Meta has announced that it is conducting a temporary test to block access to news content on Facebook and Instagram for select Canadian users.
This test is expected to continue until the end of June. The decision to implement the block comes as a response to Bill C-18, also known as the Online News Act, which proposes that tech giants pay publishers for using their content online.
The bill is currently under consideration in the Senate and could be passed as early as this month.
In the event that Bill C-18 is enacted, Meta has stated its readiness to permanently block news content on Facebook and Instagram for Canadian users. Canadian Heritage Minister Pablo Rodriguez expressed disappointment with Meta’s actions and emphasized that Canadians will not be intimidated by such tactics.
During the temporary test, a portion of Meta’s 24 million Canadian users, estimated to be between one to five percent, will be randomly selected and unable to view or share news content on Instagram and Facebook within Canada. This includes news links, reels (short-form videos), and stories (photos and videos that disappear after 24 hours).
Rachel Curran, Head of Public Policy for Meta Canada, explained that the number of users impacted will fluctuate throughout the duration of the test. Meta’s aim is to assess the implications and effects of blocking news content for Canadian users.
The decision to temporarily block news content in response to the proposed legislation highlights the ongoing debate and tension between tech giants and publishers regarding the use and compensation of online news content.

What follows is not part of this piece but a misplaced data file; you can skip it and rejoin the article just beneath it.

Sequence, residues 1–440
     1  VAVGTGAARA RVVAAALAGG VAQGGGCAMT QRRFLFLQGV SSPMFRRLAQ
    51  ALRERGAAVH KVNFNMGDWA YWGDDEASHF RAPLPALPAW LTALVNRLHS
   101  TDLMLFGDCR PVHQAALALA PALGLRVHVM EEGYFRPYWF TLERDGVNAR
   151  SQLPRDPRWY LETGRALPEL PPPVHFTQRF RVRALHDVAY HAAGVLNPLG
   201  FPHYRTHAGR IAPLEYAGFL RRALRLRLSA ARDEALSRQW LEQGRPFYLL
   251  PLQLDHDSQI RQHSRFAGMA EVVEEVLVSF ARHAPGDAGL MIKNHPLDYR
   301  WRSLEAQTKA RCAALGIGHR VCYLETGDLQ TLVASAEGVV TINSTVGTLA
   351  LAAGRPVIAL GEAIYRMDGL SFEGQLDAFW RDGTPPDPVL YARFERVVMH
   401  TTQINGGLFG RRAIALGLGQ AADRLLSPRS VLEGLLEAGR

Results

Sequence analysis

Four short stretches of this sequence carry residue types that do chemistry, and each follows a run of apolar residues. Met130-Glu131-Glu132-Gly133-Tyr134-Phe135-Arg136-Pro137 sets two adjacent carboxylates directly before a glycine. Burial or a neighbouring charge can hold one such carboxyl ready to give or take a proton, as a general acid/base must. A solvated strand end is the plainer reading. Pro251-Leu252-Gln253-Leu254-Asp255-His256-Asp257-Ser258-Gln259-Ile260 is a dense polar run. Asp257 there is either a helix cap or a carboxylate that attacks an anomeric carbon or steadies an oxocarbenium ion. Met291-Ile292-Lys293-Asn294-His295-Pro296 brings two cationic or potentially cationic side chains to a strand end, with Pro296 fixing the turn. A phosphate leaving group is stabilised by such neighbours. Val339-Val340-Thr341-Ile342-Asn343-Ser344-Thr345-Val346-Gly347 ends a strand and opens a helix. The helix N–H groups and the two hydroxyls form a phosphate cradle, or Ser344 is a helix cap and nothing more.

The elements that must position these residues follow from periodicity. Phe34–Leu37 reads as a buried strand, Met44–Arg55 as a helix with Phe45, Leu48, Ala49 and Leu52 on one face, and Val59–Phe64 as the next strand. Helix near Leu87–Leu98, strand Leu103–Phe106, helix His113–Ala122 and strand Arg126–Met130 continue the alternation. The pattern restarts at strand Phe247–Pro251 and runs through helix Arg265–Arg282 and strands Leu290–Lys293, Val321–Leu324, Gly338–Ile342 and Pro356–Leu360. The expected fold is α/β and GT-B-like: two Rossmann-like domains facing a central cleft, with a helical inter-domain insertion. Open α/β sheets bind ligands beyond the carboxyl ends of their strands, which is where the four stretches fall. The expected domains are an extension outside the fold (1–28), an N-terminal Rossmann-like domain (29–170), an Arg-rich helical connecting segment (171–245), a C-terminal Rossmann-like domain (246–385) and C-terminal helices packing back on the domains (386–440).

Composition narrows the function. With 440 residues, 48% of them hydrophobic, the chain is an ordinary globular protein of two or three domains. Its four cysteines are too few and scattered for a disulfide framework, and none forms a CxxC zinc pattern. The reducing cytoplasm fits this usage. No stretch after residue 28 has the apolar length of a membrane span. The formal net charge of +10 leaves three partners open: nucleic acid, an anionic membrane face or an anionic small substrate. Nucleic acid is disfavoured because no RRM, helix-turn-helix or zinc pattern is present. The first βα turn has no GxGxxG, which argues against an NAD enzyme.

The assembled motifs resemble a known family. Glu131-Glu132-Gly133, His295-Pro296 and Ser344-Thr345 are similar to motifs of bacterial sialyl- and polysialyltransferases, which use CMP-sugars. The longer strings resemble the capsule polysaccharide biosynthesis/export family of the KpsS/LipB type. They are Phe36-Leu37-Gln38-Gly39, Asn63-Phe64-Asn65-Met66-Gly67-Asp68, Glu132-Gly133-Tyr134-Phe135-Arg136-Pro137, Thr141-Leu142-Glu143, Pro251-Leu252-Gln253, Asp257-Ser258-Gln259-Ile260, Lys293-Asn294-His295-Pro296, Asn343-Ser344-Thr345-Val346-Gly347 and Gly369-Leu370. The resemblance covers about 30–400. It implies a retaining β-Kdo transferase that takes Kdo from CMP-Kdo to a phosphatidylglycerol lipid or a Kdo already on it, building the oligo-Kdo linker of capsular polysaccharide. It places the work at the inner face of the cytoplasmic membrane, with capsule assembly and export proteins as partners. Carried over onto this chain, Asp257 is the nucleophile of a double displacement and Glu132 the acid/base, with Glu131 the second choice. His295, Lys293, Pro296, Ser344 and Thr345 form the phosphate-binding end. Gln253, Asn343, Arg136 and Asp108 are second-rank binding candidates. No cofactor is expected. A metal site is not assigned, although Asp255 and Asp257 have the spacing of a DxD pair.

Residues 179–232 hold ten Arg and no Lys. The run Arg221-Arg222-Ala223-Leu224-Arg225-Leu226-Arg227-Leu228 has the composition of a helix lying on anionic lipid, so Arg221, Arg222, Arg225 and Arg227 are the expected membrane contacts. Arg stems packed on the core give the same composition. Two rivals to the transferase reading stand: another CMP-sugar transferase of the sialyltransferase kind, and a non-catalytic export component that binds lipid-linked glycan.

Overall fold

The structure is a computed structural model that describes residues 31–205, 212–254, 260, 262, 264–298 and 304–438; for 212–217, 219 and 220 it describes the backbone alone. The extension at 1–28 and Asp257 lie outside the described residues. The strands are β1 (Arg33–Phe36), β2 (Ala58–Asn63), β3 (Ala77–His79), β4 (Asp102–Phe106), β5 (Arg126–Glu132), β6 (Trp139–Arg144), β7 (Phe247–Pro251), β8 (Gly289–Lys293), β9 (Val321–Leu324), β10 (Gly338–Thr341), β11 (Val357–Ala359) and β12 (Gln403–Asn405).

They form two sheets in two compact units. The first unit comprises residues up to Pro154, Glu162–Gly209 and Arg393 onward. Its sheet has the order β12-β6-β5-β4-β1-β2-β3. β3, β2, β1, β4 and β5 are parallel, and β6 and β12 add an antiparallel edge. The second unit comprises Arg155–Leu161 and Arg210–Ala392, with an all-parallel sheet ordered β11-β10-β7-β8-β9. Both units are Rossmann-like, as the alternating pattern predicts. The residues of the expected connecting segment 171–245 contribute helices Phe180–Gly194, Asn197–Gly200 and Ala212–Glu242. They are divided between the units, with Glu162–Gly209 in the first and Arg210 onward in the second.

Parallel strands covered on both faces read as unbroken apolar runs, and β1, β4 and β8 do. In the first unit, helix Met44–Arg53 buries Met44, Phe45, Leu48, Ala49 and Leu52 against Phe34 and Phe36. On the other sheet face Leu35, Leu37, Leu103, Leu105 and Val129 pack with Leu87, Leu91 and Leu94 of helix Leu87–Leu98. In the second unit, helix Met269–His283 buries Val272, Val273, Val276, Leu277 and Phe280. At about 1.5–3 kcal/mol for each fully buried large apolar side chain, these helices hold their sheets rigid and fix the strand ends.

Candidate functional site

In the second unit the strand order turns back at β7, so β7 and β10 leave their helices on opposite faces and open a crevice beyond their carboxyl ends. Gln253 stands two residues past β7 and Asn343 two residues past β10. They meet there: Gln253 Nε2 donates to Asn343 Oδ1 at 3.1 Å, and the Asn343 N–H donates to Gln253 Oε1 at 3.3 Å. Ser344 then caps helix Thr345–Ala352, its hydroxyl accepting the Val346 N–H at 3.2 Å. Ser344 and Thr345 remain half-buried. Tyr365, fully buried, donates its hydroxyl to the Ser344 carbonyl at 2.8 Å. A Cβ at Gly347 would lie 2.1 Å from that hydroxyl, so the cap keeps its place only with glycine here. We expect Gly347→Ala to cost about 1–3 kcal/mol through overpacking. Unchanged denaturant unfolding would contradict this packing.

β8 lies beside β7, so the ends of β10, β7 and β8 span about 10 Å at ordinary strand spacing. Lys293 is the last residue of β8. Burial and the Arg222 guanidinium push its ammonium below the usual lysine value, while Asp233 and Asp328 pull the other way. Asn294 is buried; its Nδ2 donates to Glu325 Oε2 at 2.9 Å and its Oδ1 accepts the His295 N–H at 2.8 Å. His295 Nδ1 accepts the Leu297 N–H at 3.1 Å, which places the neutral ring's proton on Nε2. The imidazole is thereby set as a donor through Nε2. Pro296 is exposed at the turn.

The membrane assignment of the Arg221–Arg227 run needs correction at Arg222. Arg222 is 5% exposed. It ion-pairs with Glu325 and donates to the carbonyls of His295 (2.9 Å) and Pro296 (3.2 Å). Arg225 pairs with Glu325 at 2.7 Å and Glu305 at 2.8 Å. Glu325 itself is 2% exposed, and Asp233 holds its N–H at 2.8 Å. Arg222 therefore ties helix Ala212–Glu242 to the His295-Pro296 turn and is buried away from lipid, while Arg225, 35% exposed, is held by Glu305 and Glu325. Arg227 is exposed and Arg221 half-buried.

As part of the ongoing test, international news companies such as the New York Times or BBC may also experience content blocks in Canada if they are randomly selected.
Meta has stated that it will randomly choose news publishers who will be informed that some Canadian users will be unable to view or share their news content during the test period.
However, users will still have access to their accounts, pages, business suites, and advertising features.
The proposed bill has garnered support from legacy media and broadcasters, as it aims to promote fairness in the digital news marketplace and provide financial support to struggling newsrooms.
Tech giants like Meta and Google have faced criticism for their impact on the advertising industry, overshadowing smaller traditional players.
Meta, headquartered in Menlo Park, California, has previously implemented similar measures. In 2021, it briefly blocked news content in Australia following the country’s enactment of legislation requiring tech companies to compensate publishers for using their news stories. Subsequently, Meta reached agreements with Australian publishers to resolve the issue.